Oil's recovery from its historic crash last month is barreling ahead, with some OPEC producers displaying signs of confidence that the market is stabilizing.
Nigeria and Algeria -- both members of the Organization of Petroleum Exporting Countries -- have lifted the official selling prices for their supply, a sign that they believe customers are willing to pay more for their barrels. That would offer some respite after demand was crushed by the fallout from the coronavirus outbreak.
"The global market is starting to tighten a bit," said John Kilduff, a partner at Again Capital LLC. "You've got constrained supplies in the face of a bit of a rebound at least in demand that is a recipe for these higher prices."
Output cuts have started to chip away at an oversupply. U.S. oil output will reach a low point of about 10.7 million barrels a day in June, which would be the lowest in two years, according to Rystad Energy.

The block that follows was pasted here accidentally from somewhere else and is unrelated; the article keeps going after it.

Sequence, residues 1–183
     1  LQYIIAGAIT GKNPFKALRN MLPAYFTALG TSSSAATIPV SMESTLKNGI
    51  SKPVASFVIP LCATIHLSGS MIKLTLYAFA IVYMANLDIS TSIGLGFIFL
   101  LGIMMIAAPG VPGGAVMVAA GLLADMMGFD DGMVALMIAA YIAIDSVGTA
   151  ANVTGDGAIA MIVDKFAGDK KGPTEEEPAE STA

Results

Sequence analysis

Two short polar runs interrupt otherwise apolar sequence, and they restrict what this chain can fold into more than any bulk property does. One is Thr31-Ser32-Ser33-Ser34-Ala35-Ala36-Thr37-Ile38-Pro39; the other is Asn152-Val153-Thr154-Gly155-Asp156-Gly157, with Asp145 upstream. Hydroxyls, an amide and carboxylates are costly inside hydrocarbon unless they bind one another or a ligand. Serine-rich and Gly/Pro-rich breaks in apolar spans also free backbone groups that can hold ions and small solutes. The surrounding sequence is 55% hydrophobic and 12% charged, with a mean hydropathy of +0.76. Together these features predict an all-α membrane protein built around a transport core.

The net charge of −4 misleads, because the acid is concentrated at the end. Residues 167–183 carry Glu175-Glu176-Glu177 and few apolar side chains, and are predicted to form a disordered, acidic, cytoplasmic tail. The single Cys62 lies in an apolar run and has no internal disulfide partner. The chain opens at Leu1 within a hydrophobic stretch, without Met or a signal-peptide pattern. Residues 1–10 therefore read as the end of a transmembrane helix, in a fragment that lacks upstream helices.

Meanwhile, demand is showing tentative signs of picking up as some economies ease lockdowns that were aimed at containing the virus. That's helped oil surge this month. On Tuesday, futures in New York rose 3.3%
Still, the fragile nature of the recovery was on display over the Memorial Day weekend in the U.S., when gasoline demand dropped an estimated 25%-35% from a year earlier. It slid 1.34% from Thursday to Monday of the holiday weekend compared with the week before, according to Patrick DeHaan, an analyst at GasBuddy.com.
Business on 05/27/2020